Works and Days

Greetings from the Northern California Wilderness: The Siegel Salmon Restoration Internship

Hello from the Northern California wilderness! This past week and a half has gone by so quickly. The first thing that struck me was the natural beauty of this area. Every morning I get to run on the trails behind my cabin in Russian Gulch State Park, then I visit the beaches each afternoon. I can hear sea lions from my campfire spot, and see great blue herons on my way to work.

I spent most of last week settling into the office and meeting all the wonderful people who work here. I also got to tag along for a few bird surveys, which the Mendocino Land Trust is conducting with the help of some volunteers. I did manage to pick up a couple calls, and at the least can now distinguish between the chips of a squirrel versus those of a bird (harder than you may imagine). I also went out with a group from the Bay Area who were using their vacation time to do community service (part of a movement called “voluntourism”). They were a really friendly and lively group, and were incredibly helpful in removing the invasive species from the beaches (see photo).

Back in the office, I have been working on plans for my summer project. To help restore salmon habitat, the Mendocino Land Trust is working with the California Conservation Corps to install large woody debris (LWD) in area called Russell Brook. Over the years, lots of wood was removed from this river, creating chutes with fast-moving water (making spawning more difficult) and fine sediment buildup (choking eggs). Hopefully by installing this large woody debris, pools will be able to form, water temperatures will drop, stones will be redistributed, and water velocity will slow; all of these things allow salmon to thrive. My job is to ensure those changes are really happening through pre- and post- monitoring of these large woody debris sites.  I will mostly focus on the pre-monitoring part of this project, since winter storms are crucial for post-monitoring data to be useful.  Salmon are considered a keystone species, meaning they are critical for ecosystems worldwide to be healthy, so I am really excited to work in this realm of research and produce some valuable data.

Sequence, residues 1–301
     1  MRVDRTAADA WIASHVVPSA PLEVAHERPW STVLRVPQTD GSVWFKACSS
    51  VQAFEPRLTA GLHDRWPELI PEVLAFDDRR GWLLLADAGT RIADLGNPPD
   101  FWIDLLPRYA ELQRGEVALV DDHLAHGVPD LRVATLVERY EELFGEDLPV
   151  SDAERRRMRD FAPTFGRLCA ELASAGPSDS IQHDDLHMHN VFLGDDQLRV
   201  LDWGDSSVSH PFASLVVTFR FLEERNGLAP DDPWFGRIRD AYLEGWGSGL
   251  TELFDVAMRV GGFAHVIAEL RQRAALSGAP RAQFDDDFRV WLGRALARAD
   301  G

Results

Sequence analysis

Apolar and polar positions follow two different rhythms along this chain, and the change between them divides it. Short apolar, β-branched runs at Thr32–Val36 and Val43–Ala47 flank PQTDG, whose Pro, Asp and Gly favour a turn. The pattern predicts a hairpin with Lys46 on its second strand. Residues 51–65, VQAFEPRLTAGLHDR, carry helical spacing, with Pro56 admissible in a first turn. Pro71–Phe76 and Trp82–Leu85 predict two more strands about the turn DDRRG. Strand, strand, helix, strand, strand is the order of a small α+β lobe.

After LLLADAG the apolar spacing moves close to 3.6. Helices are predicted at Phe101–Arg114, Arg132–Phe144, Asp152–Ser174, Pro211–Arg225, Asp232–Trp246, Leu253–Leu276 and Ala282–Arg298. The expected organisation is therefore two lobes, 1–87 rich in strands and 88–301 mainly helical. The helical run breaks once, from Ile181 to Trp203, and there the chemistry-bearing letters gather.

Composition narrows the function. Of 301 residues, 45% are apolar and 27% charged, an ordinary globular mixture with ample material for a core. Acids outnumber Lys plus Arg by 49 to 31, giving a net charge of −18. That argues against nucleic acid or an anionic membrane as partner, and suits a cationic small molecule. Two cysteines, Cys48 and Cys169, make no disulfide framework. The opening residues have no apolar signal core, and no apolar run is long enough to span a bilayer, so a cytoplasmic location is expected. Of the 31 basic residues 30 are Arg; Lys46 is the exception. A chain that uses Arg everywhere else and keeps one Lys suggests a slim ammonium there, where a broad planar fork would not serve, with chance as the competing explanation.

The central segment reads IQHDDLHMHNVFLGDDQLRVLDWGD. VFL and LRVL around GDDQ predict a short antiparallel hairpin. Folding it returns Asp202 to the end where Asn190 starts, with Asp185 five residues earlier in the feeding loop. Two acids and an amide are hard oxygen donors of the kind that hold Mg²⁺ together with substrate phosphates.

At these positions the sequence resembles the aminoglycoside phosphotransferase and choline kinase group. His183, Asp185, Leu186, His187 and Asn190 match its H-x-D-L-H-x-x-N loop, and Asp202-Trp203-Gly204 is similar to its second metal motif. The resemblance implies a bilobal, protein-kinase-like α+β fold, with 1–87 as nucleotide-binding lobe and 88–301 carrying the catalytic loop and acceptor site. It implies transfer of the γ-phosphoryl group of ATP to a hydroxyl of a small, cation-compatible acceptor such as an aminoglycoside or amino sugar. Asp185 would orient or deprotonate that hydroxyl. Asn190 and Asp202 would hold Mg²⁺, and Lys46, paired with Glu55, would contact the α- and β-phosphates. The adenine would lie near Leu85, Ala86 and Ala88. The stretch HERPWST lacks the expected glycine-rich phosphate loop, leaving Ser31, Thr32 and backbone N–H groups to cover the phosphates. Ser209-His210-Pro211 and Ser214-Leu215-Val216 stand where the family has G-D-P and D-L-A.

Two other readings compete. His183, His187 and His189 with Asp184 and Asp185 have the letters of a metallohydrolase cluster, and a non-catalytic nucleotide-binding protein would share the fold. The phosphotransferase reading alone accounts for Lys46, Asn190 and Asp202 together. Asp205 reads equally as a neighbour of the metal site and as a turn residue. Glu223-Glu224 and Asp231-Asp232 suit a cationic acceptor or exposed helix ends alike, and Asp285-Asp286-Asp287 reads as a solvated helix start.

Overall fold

I have come out of these last ten days knowing not only some bird calls and field terminology, but also with a better sense of this small but mightily motivated community. The degree of inter-organization cooperation is really impressive; we at the Land Trust can make a call to the California Conservation Corps , the California Department of Fish and Wildlife, or any of our great volunteers to get input on developing or ongoing projects. Overall the environment is very supportive and forward-thinking, and constantly pushes me to work towards conservation and restoration.

More updates to come!

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